An English journalist has called the non-citing of All Blacks prop Owen Franks a 'complete joke decision'.
Franks wasn't cited for his alleged eye gouge incident on Wallabies lock Kane Douglas during Saturday night's test and the decision has not gone down well around the globe.
The backlash against Franks and SANZAAR has not relented, with the Daily Mail's Chris Foy voicing his disapproval of the decision to let Franks go unpunished while speaking to Andrew Mulligan on Radio Sport's Crowd Goes WIld Breakfast.
"They've absolutely got away with it, it's a complete joke decision," Foy said.
"Judging by my timeline on Twitter and a lot of the reactions of people I follow or see or speak to, everyone's in agreement.
"I mean I've had former players I've spoken to and heard from, and in this part of the world [the UK], everyone seems completely in agreement, because partly, in Europe, in the United Kingdom, there's been various cases in the past couple of years where things that didn't seem quite as bad examples as that particular offence have ended up with players being cited, go to a hearing, found guilty and banned for a long time when it seemed particularly accidental.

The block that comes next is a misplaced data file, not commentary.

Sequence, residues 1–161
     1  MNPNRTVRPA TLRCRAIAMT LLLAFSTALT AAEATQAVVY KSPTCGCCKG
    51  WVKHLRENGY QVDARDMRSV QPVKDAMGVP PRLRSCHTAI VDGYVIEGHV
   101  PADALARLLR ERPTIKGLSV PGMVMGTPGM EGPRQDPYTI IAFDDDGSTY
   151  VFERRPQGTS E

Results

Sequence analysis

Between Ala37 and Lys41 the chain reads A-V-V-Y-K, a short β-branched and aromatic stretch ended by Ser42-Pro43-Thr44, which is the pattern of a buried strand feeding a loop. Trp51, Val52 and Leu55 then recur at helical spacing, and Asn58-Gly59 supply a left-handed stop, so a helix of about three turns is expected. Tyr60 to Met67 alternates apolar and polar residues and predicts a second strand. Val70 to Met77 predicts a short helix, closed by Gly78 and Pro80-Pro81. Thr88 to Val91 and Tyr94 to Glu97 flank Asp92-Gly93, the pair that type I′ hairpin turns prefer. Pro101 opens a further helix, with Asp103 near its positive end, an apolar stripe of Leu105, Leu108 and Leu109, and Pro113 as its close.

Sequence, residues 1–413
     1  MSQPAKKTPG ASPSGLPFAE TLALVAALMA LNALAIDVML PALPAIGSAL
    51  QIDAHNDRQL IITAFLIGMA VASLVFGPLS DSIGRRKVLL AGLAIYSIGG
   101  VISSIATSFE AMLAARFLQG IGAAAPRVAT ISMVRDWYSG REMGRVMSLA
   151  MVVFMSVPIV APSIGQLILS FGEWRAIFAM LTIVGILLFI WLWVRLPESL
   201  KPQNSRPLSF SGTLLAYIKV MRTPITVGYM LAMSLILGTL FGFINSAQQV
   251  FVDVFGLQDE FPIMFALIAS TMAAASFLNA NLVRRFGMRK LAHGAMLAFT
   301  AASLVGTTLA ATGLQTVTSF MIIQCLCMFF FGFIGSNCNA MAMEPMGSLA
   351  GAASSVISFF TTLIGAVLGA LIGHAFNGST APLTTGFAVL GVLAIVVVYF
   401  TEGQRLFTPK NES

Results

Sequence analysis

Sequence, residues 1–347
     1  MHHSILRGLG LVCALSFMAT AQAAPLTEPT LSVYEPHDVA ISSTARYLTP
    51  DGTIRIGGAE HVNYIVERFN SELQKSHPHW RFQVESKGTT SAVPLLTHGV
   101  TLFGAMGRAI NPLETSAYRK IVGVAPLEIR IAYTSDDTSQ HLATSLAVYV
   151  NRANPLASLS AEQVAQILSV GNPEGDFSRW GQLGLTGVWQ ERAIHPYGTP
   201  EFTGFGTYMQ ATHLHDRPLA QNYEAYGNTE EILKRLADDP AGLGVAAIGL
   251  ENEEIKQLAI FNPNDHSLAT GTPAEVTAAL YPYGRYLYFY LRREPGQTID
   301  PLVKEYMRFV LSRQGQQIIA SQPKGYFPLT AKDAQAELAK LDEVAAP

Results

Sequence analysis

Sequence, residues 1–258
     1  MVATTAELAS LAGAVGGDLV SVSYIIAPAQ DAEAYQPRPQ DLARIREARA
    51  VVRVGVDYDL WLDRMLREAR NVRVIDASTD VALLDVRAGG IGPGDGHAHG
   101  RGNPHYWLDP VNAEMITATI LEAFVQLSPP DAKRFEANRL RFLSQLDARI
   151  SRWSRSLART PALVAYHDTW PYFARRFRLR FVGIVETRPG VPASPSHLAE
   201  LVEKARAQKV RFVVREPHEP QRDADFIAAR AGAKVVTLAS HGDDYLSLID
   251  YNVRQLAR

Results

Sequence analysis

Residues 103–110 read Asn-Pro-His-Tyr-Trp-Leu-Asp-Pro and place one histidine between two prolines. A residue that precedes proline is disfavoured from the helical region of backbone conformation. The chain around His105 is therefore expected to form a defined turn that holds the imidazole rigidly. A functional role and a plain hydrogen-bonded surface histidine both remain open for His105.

"So then we see those happening, and then we see what happened at the weekend and think 'this is completely inconsistent', which is the thing that infuriates everyone.
"If you go anywhere near that area [the face region], you're in trouble. It doesn't matter if you meant it as a sickening offense. Even if it's an accidental thing.
"We'll sympathize with those people when it's really obvious it's accidental, but they've still been punished by the judiciary for doing that, so then when you see this one, where it looks like he has one go, then he has another go, and you think it's a pretty open and shut case.
Shocking that Owen Franks isn't even being cited re alleged gouging incident. Match commissioners must review NZ matches like this...— Chris Foy (@FoyChris) August 28, 2016
"I'm absolutely staggered that they've seen that and not taken any action. It was completely obvious what happened."
Foy went on to criticize the uncertainty and confusion that surrounds the laws of the game.
"One of rugby's problems is there's too many shades of grey about the laws. It's too open to interpretation and debate, that's one of the issues the game has got."